Cultural Elements Underlying the Community Health Representative – Client Relationship on Navajo Nation
MetadataShow full item record
CitationGampa, Vikas. 2016. Cultural Elements Underlying the Community Health Representative – Client Relationship on Navajo Nation. Doctoral dissertation, Harvard Medical School.
AbstractObjective: Navajo Nation Community Health Representatives (CHR) are trained community health workers (CHWs) who provide crucial services for patients and families. The success of the CHRs’ interventions depends on the interactions between the CHRs and their clients. The research investigates culturally specific factors that build and sustain the CHR-client relationship.
Methods: In-depth interviews were conducted with 16 CHRs in Navajo Nation. Interviews were transcribed and coded according to relevant themes. Code summaries were organized into a narrative using grounded theory techniques.
Results: The analysis revealed four findings critical to the development of a CHR-client relationship. Trust is essential to this relationship and provides a basis for providing quality services. The ability to build and maintain trust is defined by tradition and culture. CHRs must be respectful of the diverse traditional and social practices. Lastly, the passing of clients brings together the CHR, the client’s family, and the community.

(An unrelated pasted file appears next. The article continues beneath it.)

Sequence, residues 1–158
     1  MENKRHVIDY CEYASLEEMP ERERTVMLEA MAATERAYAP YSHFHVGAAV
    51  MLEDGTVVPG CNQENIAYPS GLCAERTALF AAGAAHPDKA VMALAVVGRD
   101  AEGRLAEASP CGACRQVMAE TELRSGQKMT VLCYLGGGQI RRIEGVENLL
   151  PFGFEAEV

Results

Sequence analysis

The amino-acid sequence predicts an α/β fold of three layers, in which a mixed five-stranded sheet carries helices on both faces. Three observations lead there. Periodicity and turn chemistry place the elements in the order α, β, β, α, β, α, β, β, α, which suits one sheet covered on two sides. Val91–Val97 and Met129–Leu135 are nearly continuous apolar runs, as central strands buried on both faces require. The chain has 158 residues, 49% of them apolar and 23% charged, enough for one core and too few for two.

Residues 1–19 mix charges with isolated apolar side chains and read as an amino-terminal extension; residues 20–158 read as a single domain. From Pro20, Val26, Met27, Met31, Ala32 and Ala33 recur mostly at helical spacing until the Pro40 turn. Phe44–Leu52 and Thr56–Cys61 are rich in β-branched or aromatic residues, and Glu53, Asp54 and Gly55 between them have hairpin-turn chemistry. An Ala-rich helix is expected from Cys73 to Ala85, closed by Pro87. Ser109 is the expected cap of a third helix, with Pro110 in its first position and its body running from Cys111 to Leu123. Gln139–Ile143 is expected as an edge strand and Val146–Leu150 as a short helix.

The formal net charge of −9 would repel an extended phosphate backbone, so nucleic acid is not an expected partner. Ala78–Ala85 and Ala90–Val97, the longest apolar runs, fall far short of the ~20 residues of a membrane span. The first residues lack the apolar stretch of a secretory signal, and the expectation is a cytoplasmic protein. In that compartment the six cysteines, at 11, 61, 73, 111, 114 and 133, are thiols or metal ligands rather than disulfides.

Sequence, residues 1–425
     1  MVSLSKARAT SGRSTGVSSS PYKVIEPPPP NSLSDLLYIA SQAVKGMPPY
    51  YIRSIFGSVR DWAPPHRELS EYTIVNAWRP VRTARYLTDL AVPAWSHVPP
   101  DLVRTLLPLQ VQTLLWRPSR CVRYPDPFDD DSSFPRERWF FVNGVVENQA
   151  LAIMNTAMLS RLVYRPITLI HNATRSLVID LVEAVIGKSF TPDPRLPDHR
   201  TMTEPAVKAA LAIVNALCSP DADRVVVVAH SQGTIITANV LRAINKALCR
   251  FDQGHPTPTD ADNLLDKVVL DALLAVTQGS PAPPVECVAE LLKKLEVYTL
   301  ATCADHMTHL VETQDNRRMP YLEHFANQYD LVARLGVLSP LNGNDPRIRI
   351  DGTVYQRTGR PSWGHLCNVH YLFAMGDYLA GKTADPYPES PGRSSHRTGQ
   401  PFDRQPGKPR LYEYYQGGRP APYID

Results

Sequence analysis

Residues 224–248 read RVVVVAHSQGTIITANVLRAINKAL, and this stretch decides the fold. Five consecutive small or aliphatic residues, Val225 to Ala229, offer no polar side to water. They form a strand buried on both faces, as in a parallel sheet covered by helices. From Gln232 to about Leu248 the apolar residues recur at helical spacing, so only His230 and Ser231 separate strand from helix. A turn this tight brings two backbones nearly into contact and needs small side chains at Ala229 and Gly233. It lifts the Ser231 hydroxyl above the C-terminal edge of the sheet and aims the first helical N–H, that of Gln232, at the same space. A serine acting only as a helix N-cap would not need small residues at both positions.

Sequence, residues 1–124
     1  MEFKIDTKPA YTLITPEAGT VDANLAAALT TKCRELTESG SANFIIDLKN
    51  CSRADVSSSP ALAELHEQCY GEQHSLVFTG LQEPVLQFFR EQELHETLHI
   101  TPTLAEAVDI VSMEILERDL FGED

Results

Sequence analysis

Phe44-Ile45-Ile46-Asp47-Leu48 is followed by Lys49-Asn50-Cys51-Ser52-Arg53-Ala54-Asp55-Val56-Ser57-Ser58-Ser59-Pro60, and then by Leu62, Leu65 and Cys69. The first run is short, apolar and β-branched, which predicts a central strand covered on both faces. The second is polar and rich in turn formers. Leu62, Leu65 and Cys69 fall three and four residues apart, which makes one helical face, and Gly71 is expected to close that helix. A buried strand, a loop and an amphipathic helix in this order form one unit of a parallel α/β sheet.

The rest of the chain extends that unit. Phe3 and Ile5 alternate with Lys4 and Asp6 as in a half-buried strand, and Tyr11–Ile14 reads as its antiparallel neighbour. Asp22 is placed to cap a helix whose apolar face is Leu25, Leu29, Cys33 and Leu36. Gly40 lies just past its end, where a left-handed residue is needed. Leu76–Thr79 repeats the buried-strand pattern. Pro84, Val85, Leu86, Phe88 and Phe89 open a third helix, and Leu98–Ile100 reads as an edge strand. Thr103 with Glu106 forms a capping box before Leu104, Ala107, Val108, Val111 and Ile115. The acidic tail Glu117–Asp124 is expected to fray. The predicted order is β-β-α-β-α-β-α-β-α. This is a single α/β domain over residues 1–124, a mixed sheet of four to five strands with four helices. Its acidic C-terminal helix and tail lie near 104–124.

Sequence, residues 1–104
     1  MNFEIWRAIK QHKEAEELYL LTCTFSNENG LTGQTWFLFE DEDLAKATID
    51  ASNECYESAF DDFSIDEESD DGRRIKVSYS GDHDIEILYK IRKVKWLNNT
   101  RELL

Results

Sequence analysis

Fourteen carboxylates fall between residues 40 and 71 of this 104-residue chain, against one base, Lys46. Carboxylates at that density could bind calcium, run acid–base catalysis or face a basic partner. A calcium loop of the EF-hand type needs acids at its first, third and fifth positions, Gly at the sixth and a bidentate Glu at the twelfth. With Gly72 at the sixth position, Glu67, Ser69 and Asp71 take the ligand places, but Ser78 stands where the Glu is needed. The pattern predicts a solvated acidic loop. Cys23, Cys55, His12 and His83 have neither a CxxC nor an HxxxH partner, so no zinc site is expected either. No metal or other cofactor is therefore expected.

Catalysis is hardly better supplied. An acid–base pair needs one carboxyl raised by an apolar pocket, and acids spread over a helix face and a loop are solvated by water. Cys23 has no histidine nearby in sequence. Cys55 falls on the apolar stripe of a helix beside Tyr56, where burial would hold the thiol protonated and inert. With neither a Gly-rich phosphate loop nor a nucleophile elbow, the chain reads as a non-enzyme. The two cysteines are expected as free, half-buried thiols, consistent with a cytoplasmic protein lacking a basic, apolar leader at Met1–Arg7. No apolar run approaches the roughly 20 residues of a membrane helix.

Conclusions: Understanding the cultural elements of the CHR-client relationship will inform the work of community partners, clinical providers, and other indigenous communities working to strengthen CHR programs and obtain positive health outcomes among marginalized communities.
Citable link to this pagehttp://nrs.harvard.edu/urn-3:HUL.InstRepos:40620226